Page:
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East Palo Alto youth program aims to build qualities for success

Summer lessons focus on the perils of second hand smoke, the meaning of friendship

Curiosity, persistence, resilience.

After decades of teaching and mentoring at-risk youth, Anna Waring knows that kids armed with those qualities have a better shot at succeeding against the odds.

Under her watchful eye, several dozen sixth- and seventh-graders from East Palo Alto and eastern Menlo Park this summer are practicing those skills with breathing exercises, public speaking, video production, lessons in computer coding and "design thinking," and community projects.

This fall they'll fan out to middle schools from East Palo Alto to Portola Valley and Palo Alto -- but in the afternoons they'll return for mentoring, tutoring and extra support from Waring's East Palo Alto program, Foundation for a College Education.

The foundation last year extended its reach to middle school students after 18 years of strictly focusing on high school and beyond.

Since 1999, 140 students have graduated from the foundation's high school support program, with all of them enrolling in college. Eighty-five percent of those either have graduated or are on track to graduate -- more than triple the national rate for students of color.

School transitions can be tough for any kid, and some get "lost" as early as middle school, Waring said. "We're hoping to broaden our base of students who have successfully navigated middle school and are (academically) able to participate in a college-access program," she said.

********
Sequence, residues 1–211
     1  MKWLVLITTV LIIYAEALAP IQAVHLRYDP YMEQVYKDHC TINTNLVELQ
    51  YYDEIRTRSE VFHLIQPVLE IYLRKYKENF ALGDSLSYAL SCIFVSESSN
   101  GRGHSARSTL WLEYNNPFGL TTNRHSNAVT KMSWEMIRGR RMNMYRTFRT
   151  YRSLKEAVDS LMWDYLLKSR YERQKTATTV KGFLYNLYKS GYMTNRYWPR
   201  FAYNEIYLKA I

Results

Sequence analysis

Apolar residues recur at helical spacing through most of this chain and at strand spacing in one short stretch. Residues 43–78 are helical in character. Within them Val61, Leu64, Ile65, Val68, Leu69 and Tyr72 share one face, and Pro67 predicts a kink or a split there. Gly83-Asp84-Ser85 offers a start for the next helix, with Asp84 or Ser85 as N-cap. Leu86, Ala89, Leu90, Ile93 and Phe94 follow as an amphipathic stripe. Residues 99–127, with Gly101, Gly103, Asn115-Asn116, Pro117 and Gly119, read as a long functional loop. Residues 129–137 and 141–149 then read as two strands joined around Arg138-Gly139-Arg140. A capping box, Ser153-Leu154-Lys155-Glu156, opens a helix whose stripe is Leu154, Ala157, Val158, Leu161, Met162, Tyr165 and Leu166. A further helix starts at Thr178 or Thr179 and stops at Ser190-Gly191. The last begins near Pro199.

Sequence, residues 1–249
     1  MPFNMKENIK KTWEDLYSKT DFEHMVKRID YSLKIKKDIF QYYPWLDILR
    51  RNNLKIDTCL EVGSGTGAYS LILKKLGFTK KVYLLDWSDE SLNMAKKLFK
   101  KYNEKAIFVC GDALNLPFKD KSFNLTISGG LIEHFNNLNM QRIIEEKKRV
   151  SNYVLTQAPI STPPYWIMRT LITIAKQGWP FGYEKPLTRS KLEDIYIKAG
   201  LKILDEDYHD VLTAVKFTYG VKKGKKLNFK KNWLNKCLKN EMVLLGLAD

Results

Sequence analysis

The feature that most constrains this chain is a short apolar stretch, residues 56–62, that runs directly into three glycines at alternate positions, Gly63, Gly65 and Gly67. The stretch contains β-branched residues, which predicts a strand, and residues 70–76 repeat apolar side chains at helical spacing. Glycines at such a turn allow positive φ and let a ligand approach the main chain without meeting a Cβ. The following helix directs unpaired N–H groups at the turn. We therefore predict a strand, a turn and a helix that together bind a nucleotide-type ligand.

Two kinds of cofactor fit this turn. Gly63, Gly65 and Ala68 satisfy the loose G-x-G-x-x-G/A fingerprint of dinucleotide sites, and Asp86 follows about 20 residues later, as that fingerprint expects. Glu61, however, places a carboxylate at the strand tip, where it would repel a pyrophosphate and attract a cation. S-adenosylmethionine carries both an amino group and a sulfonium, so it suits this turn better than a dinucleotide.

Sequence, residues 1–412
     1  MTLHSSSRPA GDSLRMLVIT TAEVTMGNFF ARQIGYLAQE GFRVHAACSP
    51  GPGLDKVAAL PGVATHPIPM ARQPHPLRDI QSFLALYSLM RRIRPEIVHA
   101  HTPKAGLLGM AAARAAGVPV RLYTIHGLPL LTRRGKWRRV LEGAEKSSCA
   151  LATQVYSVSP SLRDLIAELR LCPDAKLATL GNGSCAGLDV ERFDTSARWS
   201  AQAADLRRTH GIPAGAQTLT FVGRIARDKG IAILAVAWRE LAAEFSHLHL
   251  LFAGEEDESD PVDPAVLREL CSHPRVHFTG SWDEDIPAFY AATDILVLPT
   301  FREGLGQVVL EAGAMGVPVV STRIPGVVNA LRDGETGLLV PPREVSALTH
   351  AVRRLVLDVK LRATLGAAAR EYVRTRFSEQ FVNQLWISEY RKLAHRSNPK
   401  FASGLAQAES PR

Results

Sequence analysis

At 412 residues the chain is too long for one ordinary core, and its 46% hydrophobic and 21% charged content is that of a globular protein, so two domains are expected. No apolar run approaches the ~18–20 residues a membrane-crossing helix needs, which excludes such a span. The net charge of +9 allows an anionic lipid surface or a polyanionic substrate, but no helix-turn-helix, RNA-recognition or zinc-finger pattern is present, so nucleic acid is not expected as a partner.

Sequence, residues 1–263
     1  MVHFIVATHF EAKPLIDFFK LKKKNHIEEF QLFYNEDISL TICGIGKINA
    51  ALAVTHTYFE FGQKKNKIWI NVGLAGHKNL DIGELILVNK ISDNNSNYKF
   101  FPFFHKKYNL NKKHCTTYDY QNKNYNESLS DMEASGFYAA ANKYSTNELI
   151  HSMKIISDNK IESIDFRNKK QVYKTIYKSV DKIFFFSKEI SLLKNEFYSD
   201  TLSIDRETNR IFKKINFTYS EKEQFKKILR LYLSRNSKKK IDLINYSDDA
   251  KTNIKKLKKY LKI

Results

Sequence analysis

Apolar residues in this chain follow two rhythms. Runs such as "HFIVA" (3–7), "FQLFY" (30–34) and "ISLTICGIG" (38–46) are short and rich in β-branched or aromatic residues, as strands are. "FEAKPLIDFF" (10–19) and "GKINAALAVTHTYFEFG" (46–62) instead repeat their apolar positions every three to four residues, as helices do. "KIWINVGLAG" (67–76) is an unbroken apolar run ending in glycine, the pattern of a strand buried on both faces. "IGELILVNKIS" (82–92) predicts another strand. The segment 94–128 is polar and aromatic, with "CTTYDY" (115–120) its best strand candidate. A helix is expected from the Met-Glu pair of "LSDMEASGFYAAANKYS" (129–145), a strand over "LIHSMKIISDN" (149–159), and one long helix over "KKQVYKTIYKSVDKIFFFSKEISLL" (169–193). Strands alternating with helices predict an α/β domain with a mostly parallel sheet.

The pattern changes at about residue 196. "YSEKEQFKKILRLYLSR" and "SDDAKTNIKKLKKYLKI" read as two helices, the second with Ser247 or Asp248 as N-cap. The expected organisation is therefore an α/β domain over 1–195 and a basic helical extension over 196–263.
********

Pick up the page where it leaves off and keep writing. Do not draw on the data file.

"We also wanted to do something in the summer that's a little more fun and creative. What sometimes happens to students is they forget that learning can actually be fun and interesting instead of drudgery. We want to instill that idea of learning as a fun activity."

The four-week summer STEAM camp (for "science, technology, engineering, art and math") began promptly at 9 a.m. with campers spending at least 10 minutes on yoga mats for guided meditation and breathing exercises.

When the silence is broken, seventh-graders jump up and head into a computer lab to learn simple programming, using the Scratch programming language that makes it easy for kids to create pictures and games.

Sixth-graders recently brainstormed ideas for their community project in a class using principles of "design thinking."

Suggestions ran the gamut and included gathering celebrity testimonials to warn against the perils of peer pressure; educating pregnant moms about the dangers of smoking; and inventing robots that would pick up cigarette butts.

The group finally settled on finding solutions to second-hand smoke. They went to interview people at the public library and at McDonald's about the problem. Former East Palo Alto Mayor Sharifa Wilson visited to help them think of things they could do about it. Finally, they used materials at hand to create a prototype of a vacuum that would suck up the bad air.

Every STEAM camper gets a turn at simple video production, with sixth-graders creating one-minute videos about their ideas on "culture" and seventh-graders making longer videos about things they love.

A seventh-grader named Ramie created a video about why he loves soccer. Another boy produced a cartoon video posing the question: "Can video games be addictive?"

Seventh-graders Jenny and Michelle teamed up to make a video about the meaning of "true friendship." True friendship means "they're always there for you. They've got your back no matter what, and they're like a sister," Jenny said. "Michelle always has been there for me no matter what, even though there was drama."

The four-week session has also included field trips to Bay Area places of interest: the Exploratorium, Kepler's, Google and Stanford University Hospital.

Before the camp's end this Friday, each student will give a presentation to the group, either on a poem they've written, a scene from a book they're reading, their community project or something about themselves.

"We're trying to introduce a comfort with speaking early on," Waring said.

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